SoloTrujillanos reported on February 11th that club representatives were present for the first assembly meeting for Liga FUTVE 2’s 2022 season, which will likely start in mid-March. On February 14th, reports confirmed that former Deportivo La Guaira, Deportivo Lara, Portuguesa and UCV manager Lenín Bastidas would lead the club for the 2022 season.
Trujillanos FC would hold a press conference on February 17th. During which, Hugo Pérez, now with the title of club president, would give assurances that the takeover had been completed successfully.
Joined by state governor Gerardo Marquez, the panel would note that the club would be owned independently of the local government, though the state would provide help with travel to and from games for the press, amongst other services.
On the 18th, SoloTrujillanos reported that Trujillanos’ debts were officially in the process of being paid, with an additional report on March 4th stating that 99 players had had their debt cancelled, with four remaining to be dealt with.
— Dominic José Bisogno (@DJBisogno) March 5, 2022
For journalist Rubén Pérez, the revival of Trujillanos Fútbol Club is far more than a note on a league table. Pérez explains that to save Trujillanos is to save part of the Trujillo family.
“It’s the same as when you have a family member on the verge of death and suddenly they can recover,” he said.
“For many Trujillanos, the Amarillo y Marrón is more than our football team. I would say that it is a way of life. Trujillanos fans are warriors on a daily basis.”
He adds that without Trujillanos FC, easily the largest club the state has ever produced, football in Trujillo would have been dealt a serious blow to its very core.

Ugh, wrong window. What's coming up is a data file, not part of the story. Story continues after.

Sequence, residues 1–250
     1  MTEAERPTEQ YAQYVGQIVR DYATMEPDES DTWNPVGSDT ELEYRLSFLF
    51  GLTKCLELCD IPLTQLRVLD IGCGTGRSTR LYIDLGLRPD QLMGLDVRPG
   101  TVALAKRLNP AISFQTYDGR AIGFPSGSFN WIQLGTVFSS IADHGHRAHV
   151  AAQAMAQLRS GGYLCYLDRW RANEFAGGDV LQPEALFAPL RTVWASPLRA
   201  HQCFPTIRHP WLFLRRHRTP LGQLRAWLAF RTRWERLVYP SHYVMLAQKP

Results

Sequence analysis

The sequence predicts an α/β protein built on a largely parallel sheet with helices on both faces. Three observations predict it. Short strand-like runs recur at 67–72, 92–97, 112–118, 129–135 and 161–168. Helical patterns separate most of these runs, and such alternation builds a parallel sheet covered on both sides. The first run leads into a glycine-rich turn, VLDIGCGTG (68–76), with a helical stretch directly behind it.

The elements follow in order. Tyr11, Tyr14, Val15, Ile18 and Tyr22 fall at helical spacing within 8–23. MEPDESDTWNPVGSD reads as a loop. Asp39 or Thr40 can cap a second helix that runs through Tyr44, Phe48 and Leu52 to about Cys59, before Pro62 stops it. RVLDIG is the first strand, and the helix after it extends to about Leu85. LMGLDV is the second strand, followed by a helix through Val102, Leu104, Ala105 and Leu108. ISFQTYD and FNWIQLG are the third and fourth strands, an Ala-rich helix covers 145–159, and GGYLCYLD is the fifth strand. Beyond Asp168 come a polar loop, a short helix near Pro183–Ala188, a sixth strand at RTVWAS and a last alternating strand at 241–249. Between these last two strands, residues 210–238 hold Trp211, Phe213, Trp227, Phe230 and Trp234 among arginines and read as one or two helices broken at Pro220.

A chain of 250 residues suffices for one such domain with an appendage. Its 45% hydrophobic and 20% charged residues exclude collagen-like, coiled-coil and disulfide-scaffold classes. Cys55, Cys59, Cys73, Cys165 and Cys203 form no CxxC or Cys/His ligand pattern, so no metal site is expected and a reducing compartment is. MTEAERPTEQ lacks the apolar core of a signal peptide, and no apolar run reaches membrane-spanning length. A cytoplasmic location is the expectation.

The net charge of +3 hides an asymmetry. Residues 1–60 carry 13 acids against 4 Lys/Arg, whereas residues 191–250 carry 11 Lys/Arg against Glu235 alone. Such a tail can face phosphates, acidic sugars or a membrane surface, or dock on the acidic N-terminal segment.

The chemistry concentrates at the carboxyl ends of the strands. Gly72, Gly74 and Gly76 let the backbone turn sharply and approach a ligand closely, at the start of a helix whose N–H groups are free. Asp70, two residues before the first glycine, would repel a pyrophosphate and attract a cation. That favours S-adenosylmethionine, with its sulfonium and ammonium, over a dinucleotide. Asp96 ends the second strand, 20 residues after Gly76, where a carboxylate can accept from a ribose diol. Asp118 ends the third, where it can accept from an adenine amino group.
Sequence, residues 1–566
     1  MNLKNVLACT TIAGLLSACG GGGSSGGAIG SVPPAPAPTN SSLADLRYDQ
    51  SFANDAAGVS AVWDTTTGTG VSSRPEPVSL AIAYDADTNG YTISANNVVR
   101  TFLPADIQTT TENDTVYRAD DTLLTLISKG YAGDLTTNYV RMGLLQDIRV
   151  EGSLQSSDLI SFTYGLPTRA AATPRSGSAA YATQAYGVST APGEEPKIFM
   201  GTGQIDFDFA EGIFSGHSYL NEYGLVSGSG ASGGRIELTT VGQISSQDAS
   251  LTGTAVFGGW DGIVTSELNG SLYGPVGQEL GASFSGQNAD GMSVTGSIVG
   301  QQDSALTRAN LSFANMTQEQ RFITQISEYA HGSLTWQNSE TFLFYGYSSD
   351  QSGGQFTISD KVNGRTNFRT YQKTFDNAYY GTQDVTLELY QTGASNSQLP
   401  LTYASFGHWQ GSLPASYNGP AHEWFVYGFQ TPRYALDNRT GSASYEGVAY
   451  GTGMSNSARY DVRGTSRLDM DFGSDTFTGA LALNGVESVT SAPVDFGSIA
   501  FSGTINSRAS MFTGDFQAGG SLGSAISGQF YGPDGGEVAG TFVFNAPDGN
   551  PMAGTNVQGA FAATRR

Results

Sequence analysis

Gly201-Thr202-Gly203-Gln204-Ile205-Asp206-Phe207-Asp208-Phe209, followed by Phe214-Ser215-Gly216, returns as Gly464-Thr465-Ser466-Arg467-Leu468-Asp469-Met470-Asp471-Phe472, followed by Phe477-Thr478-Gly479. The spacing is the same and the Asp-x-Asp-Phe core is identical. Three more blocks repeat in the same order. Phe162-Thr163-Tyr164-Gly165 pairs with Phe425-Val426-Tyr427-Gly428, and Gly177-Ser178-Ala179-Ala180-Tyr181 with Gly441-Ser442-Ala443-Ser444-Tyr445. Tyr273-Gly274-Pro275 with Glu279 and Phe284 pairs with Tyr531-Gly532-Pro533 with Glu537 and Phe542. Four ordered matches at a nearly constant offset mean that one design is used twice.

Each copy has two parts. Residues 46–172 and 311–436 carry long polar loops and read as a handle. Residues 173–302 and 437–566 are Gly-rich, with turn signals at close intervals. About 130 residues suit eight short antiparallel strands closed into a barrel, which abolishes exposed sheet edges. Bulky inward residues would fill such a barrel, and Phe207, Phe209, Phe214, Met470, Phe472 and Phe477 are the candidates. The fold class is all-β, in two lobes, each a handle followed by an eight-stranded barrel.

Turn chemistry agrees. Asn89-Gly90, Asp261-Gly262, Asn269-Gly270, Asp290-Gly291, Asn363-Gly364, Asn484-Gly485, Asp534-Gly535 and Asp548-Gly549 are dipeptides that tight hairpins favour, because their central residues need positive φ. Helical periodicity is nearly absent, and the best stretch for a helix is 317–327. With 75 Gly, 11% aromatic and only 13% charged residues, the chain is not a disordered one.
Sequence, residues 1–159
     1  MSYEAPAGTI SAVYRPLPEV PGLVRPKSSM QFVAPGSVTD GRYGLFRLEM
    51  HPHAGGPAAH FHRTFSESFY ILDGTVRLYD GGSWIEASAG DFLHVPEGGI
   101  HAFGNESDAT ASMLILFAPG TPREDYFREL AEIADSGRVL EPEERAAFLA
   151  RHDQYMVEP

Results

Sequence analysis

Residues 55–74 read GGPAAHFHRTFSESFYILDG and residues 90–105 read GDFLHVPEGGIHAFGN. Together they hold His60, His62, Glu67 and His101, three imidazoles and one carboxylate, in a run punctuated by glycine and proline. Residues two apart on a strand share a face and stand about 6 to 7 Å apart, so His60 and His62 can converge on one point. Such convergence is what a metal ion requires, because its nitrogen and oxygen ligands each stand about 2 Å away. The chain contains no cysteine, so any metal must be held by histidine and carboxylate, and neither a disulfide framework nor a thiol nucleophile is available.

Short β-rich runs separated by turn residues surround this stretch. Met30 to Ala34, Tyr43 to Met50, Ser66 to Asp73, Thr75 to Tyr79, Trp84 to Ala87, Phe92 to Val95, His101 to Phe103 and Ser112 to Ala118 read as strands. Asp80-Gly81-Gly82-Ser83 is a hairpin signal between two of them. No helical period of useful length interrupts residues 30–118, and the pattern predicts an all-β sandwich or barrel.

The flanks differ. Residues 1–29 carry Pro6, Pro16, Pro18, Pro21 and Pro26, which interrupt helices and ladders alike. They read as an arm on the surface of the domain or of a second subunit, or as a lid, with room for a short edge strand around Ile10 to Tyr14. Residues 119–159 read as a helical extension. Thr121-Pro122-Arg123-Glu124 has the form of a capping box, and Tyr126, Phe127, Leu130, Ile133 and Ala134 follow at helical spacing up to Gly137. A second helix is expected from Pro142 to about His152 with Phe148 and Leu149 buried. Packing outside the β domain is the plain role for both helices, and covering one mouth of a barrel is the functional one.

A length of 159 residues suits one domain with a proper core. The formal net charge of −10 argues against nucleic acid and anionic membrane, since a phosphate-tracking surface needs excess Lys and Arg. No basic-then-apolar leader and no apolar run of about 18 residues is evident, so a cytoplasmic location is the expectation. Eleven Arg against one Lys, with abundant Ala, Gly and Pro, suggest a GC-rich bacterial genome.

“Soccer in Trujillo could become an orphan if Trujillanos FC disappears. In 2008 there was another team called Atlético Trujillo and it never aroused anyone’s interest. The identity of Trujillanos has no replacement.
“In addition, the only international historical heritage of the State of Trujillo would be lost. Without Trujillanos, state football would also die. A popular team is not the same as a team without popularity, where nobody cares what happens to them.”
El corazón vuelve a latir⚽ Vuelve Trujillanos FC⚽ pic.twitter.com/ZeHLx2YAme
— Diego Linares (@truji_de) March 4, 2022
Atlético Trujillo, a short-lived lower division side, at one point made the climb up to the second tier, only to merge with and disappear within Real Esppor, which would later be renamed as Deportivo La Guaira.
Pérez says that the work is not done to return Trujillanos to a healthy state of being. He says that the organization as a whole needs to be made well again if the hopes of immediate promotion are to be realized.
“I think that the first thing is to clean up the institution completely, then with good sports management seek a return to the first division.
“That includes an adequate coaching staff whose way of working is respected and that a good squad is put together.
“Together with the recovery of the historic warrior caste and the drive of the entire Trujillo people, I am sure that we will return to the first division this year.”
In the end, Trujillanos’ predicted partaking in the 2022 Liga FutVe 2 season is not a promise of redemption. It is an extremely difficult league to get out of for most, sometimes with just one promotion spot to battle for.
However, it has managed to be a reasonable home for historic clubs like ULA and UCV. The latter of which, a historic club founded in 1950 but locked out of the first division for much of the late 20th century, earned promotion in 2020 and has performed well since.
Perhaps Trujillanos will return in just a year or two, perhaps their fans will have to wait longer. Either way, with the club still functioning, there is a vanguard in place capable of guiding the football-loving people of Estado Trujillo forward. These days, that might just be enough.